Being away from Heather also took a toll. After three months, Brockelbank dropped out of school to start another landscape business in the Charlotte area. “I respect a college education, but it can narrow your mind in our business. You have to be good at a lot of different things in this business.” He and Heather married soon after and bought their first house.

“You should treat customers like you are going to work for them long term.”

Carving out a niche was easy. The clientele in Charlotte had money to spend, and lots of it, and there was little competition in the design/build arena of landscape. “Back then, I was a pioneer for even using the words ‘outdoor living,’” he says. “At the time, I barely even had peach fuzz on my face, but they had to hire someone or find someone outside of the area.” 

Business was booming. He worked for many of the area’s professional athletes on extravagant projects with big price tags where he learned his trade on the job. “Prices were at a premium. I would take the profit and fix my mistakes,” he says. He joined local trade associations, hired talented subcontractors who could teach him their trades and subscribed to a flurry of trade publications.

His biggest mistake, he says, was giving too much control to a newly hired operations manager who had just moved to the area from New Jersey before he had proven himself. The manager left the company after just six months, taking half of Brockelbank’s employees with him. Today, Brockelbank values promoting from within and hiring local talent.

Remodeling the business
To survive the economic crash in 2008, Brockelbank changed his company’s business plan to include maintenance, as well as design/build projects. He began marketing the business heavily, something he never had to do, working with editors of local newspapers and magazines to pitch stories to get his name and ideas into the mainstream media.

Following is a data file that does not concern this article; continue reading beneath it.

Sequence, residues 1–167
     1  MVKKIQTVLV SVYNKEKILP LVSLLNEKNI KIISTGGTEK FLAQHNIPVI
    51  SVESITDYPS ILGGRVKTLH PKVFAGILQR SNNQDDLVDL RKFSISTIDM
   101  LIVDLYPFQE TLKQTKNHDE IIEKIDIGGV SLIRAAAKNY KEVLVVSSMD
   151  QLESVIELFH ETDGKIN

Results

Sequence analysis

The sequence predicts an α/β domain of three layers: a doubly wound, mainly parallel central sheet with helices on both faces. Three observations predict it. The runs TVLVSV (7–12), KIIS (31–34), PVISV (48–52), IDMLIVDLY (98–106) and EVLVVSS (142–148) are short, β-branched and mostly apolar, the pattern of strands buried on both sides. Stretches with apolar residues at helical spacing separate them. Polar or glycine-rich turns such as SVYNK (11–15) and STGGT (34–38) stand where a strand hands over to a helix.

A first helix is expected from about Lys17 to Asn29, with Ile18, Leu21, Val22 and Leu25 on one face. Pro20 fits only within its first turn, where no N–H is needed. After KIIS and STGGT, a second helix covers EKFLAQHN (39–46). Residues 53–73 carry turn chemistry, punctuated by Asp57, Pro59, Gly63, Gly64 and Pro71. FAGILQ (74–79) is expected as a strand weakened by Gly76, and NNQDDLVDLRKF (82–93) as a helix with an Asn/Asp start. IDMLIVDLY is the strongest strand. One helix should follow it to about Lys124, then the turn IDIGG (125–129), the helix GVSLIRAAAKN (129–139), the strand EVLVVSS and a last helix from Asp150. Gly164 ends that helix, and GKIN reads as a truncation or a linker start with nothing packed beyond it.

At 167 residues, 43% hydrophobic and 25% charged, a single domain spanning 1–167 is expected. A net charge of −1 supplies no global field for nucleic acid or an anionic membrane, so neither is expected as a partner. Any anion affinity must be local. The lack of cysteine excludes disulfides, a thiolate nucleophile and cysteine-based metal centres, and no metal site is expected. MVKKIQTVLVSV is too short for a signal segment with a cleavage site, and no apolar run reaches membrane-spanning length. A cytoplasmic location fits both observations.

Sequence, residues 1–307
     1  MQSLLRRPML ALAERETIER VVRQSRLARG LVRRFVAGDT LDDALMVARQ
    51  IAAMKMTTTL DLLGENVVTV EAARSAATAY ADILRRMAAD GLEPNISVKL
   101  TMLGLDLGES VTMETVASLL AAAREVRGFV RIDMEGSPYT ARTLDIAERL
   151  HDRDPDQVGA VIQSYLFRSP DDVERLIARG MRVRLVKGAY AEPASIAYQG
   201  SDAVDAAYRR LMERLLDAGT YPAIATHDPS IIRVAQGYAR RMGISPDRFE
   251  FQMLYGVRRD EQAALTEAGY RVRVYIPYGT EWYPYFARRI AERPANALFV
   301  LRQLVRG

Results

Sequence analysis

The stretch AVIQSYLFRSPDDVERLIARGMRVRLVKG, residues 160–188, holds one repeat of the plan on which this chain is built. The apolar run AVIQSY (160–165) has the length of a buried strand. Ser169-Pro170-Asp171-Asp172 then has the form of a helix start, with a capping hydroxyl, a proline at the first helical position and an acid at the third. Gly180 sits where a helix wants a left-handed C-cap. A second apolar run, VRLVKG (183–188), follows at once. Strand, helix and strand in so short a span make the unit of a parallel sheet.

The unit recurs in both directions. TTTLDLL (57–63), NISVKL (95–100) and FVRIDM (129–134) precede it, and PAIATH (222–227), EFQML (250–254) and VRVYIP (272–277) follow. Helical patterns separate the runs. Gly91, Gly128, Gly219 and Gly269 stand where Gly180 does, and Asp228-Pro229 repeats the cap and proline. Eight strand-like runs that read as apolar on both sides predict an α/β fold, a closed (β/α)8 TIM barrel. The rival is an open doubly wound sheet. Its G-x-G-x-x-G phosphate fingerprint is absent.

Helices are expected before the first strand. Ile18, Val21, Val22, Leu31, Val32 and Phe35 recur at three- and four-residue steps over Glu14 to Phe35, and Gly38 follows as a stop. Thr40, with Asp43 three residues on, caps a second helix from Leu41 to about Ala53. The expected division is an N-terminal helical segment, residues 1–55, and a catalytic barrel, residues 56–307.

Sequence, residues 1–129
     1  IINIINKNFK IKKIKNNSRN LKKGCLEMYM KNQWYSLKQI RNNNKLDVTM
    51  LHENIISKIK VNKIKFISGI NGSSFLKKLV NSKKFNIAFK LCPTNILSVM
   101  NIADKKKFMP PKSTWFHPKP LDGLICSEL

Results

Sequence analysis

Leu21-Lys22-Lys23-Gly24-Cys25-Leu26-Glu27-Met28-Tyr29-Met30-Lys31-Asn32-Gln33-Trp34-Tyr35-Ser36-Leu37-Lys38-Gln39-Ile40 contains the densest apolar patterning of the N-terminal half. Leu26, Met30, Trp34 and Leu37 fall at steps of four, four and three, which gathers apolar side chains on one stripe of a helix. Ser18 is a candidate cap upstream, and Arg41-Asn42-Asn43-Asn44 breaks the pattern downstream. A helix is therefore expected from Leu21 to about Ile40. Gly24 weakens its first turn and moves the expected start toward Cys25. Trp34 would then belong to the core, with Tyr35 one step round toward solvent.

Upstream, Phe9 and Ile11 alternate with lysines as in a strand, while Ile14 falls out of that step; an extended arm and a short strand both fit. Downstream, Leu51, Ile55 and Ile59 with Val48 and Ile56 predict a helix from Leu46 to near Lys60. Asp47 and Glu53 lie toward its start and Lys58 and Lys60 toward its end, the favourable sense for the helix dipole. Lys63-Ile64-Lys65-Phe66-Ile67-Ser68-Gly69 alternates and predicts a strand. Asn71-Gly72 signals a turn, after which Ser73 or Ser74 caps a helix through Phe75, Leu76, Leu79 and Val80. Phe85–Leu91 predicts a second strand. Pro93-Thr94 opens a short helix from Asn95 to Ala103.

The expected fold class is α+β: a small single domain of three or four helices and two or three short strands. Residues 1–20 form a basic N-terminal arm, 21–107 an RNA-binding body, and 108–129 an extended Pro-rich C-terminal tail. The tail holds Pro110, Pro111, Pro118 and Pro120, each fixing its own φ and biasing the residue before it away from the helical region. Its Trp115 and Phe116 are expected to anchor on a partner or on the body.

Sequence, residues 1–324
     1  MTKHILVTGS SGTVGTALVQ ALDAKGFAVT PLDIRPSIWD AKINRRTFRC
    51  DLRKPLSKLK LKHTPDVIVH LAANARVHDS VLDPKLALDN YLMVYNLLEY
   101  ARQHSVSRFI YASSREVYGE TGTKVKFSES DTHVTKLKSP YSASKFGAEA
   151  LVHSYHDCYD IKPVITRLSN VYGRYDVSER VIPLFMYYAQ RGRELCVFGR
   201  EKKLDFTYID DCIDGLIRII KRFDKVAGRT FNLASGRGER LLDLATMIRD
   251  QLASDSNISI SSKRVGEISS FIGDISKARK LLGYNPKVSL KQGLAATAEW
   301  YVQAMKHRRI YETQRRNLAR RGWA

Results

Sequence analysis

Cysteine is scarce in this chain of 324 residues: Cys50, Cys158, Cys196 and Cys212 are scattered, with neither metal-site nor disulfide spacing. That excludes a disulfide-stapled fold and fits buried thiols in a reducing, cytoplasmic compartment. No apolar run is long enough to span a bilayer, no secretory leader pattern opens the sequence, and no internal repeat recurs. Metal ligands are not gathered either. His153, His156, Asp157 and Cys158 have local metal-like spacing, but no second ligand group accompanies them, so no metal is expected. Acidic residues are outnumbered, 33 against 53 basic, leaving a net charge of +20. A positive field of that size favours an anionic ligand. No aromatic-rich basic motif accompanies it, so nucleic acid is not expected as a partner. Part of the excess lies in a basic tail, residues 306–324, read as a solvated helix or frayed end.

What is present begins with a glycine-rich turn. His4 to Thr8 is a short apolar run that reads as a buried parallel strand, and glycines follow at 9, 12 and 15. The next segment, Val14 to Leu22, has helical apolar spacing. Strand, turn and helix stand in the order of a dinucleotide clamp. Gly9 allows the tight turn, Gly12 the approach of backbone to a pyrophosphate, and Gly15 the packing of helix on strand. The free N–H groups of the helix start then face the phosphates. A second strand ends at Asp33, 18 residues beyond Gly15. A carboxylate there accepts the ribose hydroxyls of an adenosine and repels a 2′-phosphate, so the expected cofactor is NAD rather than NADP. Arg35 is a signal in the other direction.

DSC_0023He also purchased advertising and implemented social media strategies. Brockelbank manages business development and sales, while Heather oversees the accounting and public relations of the business as they balance life with their three small children. 

To continue to grow their business, Brockelbank also invested in the help of some well-known industry consultants such as Marty Grunder and Tony Bass. “I figured out where I wanted to go and did the things that made them successful. I learned the trends and from their mistakes.” Brockelbank even reads psychology books to learn how to better serve his customers.

“You should treat customers like you are going to work for them long term,” he says.

The bulk of Metro Greenscape’s work remains high-end design/build, with about half of the projects costing more than $100,000. Customers choose Metro Greenscape because of the quality of work and because it’s a one-stop shop, allowing projects to be completed quickly and without customers having to deal with several different companies. 

“We have created grottos, pools with swim-up bars, pavilions and ponds you can swim in. If you can imagine it, we have done it,” he says.

However, offering so many services can sometimes make it a challenge to hire appropriate managers, he says, since most employees excel only in a few areas, and the company’s work load changes from month to month. But Brockelbank has never shied away from a challenge.

“Today, we are a strong, two-headed monster with revenues of around $4.5 million,” he says. “Our sacrifices and strategic thinking have paid off big time.